Transparent airships acting as greenhouses? I'd get your patent in now.

You saw it first here Wink
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Tinkergirl
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« Reply #8 on: March 02, 2007, 10:49:47 pm »

There's the helium shortage to worry about though - does anyone have any ideas on making hydrogen lifing safer?
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Tel Janin
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« Reply #9 on: March 03, 2007, 08:44:58 am »

Make the explosion a feature of the craft. External combustion engine! Float up to a suitable height, get into an escape module and light'er up. Get yourself blown all the way across the Atlantic.
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OHebel Wring
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« Reply #10 on: March 04, 2007, 03:34:15 am »

As far as transportation is concerned, unless they can speed them up a bit, there is nothing there.

I think I remember reading something like the Hindenberg's top speed was maybe 25 - 50 mph and a slow commercial airliner is in the 400+ mph.

But that doesn't mean that you can't use them for transport of goods.  The US military was working all the way into the 90s on developing unmanned airship transport of equipment.

And the cruise-liners, of course, may have something here.  The good thing about Airships is that they are relatively easy to dock.  The cruise lines could use existing port facilities, reducing infrastructure costs.

I would take a cruise in one, totally.
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« Reply #11 on: March 04, 2007, 05:23:24 am »

I would take a cruise in one, totally.

There is lot of potential there - rather than going around the edge and seeing water and ports all the time you could do a cruise say from San Francisco, over the Rockies and down the Grand Canyon. A tour across the Alps over even across Tibet to the Himalyas!!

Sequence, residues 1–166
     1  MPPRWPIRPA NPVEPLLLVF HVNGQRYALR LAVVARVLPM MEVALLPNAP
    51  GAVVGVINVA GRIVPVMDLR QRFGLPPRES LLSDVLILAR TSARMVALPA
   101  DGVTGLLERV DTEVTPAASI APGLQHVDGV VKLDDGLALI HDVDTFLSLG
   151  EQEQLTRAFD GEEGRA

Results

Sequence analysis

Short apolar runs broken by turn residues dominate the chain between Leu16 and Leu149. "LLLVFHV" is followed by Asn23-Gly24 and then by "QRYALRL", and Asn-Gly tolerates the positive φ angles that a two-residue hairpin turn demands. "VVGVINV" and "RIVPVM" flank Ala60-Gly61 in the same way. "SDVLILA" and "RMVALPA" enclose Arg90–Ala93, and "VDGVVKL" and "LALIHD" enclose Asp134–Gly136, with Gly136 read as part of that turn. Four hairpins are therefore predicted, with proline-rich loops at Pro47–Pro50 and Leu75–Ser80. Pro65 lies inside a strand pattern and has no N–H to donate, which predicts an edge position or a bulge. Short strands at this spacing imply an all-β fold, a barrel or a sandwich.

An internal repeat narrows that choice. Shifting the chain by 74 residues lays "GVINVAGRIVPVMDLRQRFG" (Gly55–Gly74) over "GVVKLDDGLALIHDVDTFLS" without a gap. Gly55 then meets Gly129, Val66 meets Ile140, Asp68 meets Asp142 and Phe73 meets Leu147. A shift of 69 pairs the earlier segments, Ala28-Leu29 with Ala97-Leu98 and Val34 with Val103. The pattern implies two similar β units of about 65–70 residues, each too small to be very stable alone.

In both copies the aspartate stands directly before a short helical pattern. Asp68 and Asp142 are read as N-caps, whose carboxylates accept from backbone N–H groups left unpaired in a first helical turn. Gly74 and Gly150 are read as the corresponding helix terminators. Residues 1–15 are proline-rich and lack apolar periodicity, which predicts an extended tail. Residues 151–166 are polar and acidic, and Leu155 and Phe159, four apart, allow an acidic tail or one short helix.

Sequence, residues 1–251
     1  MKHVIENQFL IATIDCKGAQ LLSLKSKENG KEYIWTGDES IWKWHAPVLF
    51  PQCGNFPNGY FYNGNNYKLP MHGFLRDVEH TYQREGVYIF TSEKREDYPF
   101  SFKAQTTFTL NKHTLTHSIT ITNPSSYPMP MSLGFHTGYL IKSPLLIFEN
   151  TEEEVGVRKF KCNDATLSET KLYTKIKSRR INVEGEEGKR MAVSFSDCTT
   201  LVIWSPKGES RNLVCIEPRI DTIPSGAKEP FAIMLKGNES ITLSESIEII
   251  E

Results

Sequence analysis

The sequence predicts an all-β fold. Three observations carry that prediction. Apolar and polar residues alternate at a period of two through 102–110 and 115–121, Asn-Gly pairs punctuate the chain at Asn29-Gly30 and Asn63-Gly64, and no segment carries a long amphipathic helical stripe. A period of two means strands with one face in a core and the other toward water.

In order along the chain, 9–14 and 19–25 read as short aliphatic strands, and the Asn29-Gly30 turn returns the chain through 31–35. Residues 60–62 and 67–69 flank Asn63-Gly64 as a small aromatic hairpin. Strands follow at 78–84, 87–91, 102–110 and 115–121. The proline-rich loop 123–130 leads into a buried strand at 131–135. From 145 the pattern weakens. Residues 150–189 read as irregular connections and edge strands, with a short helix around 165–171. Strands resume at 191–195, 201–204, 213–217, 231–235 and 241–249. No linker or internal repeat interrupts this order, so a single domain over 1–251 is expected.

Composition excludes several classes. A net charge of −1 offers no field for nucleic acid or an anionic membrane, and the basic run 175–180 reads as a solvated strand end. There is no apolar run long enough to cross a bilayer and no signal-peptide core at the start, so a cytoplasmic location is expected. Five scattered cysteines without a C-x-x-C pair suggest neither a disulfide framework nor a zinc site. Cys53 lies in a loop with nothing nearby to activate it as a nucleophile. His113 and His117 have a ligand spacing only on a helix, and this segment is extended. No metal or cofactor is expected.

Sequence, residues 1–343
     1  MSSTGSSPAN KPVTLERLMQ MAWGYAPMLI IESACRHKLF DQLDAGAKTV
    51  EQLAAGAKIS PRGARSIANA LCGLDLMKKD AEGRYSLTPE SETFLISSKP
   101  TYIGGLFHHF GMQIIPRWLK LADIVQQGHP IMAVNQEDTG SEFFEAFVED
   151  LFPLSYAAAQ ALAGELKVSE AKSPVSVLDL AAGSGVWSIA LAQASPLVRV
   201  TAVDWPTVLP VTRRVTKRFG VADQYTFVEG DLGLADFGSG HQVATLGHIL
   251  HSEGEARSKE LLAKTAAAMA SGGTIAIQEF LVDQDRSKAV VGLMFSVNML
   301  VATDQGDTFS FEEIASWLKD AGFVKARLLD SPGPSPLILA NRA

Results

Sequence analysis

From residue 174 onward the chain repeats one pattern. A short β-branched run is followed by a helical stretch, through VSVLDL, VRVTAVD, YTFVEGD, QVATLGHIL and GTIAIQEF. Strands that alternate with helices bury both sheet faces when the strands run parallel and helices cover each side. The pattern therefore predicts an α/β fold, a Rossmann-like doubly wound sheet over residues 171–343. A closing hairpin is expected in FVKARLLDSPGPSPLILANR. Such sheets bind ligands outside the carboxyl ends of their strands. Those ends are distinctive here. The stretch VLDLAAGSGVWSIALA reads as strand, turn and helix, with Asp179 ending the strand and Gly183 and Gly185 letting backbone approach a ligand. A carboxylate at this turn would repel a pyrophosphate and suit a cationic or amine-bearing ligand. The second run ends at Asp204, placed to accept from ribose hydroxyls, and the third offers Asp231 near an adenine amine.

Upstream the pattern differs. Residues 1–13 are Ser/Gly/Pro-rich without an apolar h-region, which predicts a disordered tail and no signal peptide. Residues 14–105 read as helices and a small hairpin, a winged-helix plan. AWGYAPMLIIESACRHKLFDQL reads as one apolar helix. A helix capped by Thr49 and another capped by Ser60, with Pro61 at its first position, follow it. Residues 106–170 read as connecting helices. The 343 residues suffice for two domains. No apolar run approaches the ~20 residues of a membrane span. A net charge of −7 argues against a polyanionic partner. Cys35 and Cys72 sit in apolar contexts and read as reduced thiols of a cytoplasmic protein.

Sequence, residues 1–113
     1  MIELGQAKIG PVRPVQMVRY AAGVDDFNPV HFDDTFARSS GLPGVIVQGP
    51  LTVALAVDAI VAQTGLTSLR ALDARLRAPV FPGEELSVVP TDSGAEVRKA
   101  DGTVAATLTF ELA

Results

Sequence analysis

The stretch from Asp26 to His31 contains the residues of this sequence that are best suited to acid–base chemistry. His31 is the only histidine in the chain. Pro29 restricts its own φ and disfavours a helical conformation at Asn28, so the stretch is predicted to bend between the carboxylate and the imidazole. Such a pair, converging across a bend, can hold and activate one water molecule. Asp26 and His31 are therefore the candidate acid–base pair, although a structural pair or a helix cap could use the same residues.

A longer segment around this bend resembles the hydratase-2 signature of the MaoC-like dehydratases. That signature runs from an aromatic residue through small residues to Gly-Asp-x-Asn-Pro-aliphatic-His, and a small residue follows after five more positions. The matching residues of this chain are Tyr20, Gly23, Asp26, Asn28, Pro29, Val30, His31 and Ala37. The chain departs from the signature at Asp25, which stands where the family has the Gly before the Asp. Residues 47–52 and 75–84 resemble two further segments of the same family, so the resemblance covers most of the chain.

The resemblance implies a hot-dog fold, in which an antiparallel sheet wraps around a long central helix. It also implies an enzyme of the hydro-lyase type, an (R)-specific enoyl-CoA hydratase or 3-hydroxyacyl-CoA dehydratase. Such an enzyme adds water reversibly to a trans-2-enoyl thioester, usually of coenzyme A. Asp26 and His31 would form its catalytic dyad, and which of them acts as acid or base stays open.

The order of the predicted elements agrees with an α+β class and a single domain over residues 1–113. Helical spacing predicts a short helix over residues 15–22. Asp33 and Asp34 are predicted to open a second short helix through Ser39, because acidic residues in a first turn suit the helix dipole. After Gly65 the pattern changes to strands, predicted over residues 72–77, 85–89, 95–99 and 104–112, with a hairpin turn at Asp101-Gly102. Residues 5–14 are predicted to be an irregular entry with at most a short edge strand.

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Josh of Vernian Process
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« Reply #12 on: March 04, 2007, 06:04:40 am »

I have dreamed of the return of Airship cruises for years. Keeping my fingers crossed in anticipation of it!
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« Reply #13 on: March 04, 2007, 01:08:08 pm »

unfortunately, the same article I was reading also discussed the current limitations to air-cruises being mountains.  There must be an air-pressure thing that puts a ceiling on how high these things can fly.  They specifically mentioned the Rockies as being limiters.

I will look for that article as now I have BADLY quoted it twice.
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S.Sprocket
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« Reply #14 on: March 29, 2007, 10:15:16 pm »

in terms of air pressure, it's not a ceiling to the craft, it's the air pressure in mountains and canyons creating winds which are a menace to navigation.  it's the same reason you can't fly a blimp through all the sky scrapers in Manhattan, you'd be blown into a building and crash.
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« Reply #15 on: March 29, 2007, 10:49:45 pm »

Which is why the blimp dock on the empire state building never was anything other than a grab for the tallest building record.

As I haven't read the artical I want to know a couple things:

Is it possible to create an envelope that has zero, or near zero, helium loss?

Can you coat the Envelope in solar cells to power some sort of electric moter for propulsion/battery to store power for the moters?